The employee survey asked six questions related to OL. The results have been analysed and 75.0% of the responses were positive. Respondents indicated that they were provided with the tools to accomplish their work, had access to training, and felt comfortable with communications in the language of their choice. Nonetheless, responses to these questions from employees whose first language is French were consistently below those for employees whose first language is English. Action plans to address areas of concern will be put in place in the upcoming year.

It is up to the chairman of each meeting to remind attendees that they may use either language. The CFIA intends to improve liaison activities with local managers to increase awareness. Unit self-evaluation is used to control policy compliance.

There are several Francophones on the Executive Committee. Members are encouraged to use their language of choice.

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Equitable participation - Part VI

a) Percentage of Francophone participation throughout Canada

CFIA staff is 25.9% Francophone country-wide (source: 2003–2004 CFIA Annual OL Report).

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b) Percentage of Anglophone participation in Quebec

In Quebec, 2.9% of staff is Anglophone (source: 2003–2004 CFIA Annual OL Report).

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Development of minority language communities and promotion of linguistic duality - Part VII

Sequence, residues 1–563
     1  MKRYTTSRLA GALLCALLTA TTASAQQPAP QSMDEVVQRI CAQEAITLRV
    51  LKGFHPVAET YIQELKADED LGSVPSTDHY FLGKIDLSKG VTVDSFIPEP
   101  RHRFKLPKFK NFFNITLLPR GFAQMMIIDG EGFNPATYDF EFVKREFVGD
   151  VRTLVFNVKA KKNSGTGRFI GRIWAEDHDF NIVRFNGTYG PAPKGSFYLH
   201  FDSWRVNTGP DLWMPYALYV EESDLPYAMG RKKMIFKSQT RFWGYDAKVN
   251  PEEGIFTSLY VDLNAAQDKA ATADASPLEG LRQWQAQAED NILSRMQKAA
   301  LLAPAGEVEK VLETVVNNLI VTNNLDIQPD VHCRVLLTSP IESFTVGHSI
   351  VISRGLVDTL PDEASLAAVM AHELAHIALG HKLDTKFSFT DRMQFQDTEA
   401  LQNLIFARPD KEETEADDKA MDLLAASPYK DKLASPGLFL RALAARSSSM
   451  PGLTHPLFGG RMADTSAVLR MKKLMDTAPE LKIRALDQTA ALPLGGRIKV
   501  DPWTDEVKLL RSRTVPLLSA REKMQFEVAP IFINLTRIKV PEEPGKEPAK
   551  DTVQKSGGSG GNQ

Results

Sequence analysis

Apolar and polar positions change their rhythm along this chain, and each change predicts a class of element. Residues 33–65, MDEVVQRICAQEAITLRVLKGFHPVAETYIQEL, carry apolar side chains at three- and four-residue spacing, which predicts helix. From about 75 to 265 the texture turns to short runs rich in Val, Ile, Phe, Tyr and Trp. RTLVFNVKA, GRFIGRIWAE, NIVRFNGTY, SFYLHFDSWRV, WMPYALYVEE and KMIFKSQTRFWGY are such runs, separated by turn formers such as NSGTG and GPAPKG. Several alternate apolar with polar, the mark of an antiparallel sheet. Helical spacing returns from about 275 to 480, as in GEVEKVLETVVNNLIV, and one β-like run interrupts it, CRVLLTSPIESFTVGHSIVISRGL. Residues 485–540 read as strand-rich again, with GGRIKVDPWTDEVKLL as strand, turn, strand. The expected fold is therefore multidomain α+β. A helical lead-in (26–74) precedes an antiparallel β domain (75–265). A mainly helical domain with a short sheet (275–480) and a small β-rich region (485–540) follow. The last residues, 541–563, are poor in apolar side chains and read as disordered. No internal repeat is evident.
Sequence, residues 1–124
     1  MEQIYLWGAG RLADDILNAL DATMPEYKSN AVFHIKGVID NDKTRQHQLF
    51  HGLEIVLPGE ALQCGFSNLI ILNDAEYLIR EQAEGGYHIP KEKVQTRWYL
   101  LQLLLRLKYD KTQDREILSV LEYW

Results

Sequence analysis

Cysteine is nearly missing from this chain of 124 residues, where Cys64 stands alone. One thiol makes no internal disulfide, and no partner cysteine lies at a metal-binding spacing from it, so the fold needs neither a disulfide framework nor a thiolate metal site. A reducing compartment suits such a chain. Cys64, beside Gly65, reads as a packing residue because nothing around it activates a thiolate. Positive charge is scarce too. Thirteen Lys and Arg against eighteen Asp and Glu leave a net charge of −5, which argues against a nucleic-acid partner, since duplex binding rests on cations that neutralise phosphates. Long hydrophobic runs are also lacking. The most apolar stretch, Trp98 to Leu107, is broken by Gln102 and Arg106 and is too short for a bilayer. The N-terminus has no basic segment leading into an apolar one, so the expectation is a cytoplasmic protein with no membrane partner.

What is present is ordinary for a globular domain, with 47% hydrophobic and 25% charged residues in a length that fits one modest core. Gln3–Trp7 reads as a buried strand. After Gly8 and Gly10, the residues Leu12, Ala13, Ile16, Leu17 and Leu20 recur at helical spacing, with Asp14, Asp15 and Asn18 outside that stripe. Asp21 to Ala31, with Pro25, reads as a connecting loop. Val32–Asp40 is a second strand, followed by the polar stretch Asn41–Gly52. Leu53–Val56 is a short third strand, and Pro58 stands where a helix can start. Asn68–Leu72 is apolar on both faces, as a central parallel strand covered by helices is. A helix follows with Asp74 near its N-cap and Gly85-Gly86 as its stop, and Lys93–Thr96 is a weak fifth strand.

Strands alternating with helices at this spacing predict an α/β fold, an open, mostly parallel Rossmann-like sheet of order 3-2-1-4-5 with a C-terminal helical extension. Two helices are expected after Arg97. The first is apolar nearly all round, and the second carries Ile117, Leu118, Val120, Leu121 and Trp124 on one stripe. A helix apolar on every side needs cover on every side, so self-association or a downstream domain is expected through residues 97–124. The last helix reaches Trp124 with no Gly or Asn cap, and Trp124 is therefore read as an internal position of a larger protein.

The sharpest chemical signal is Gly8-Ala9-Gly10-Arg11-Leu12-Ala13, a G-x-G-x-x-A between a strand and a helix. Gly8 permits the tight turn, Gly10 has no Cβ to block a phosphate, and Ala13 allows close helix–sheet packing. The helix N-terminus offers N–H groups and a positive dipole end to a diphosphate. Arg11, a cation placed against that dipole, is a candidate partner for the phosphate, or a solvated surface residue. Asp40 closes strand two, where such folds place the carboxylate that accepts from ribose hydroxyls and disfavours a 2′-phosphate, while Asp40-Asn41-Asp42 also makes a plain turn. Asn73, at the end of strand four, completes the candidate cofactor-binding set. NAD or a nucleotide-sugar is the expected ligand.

a) Strategic planning and the development of policies and programs take into account the development of minority language communities

As a result of the Shippagan Court case, the CFIA developed an Official Languages Strategy for Atlantic Canada. This is part of an increased emphasis on Part VII of the OLA. The new OL Policy, to be released in 2005, will include a new section on Part VII of the Act. Currently, there does not appear to be a strategy for all regions.

CFIA representatives met with Canadian Heritage representatives. There are plans to review policies and guidelines from OL minorities' perspective and to systematically factor in Part VII of the OLA (British Columbia Francophones, for example) during the current fiscal year.

Regional offices are responsible for advertising; CFIA National Headquarters is planning to implement an advertising monitoring framework to ensure compliance with the communications policy.

As part of the CFIA Action plan, information sessions are offered to managers on the importance of consulting minority OL communities to identify their needs and to take these into account in the planning and implementation of operational decisions.

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b) Strategic planning and the development of policies and programs take into account the promotion of linguistic duality

The CFIA states that its organizational culture takes the country's linguistic duality into account. For example, in 2003, the FCIA created a President's Outstanding Contribution Award for an outstanding achievement in the OL field. Examples of external promotional activities were not provided.

Over the past year, four messages dealing with OL issues were sent out to employees; all of these messages were meant to sensitize employees to OL objectives and to promote linguistic duality.

The national OL champion and area OL champions have committed to developing an action plan to further promote OL. Actions plans are forthcoming.

The national OL champion has identified OL as a priority and sits on the senior management HR committee with CFIA senior management. The champion can influence, promote and educate at this level.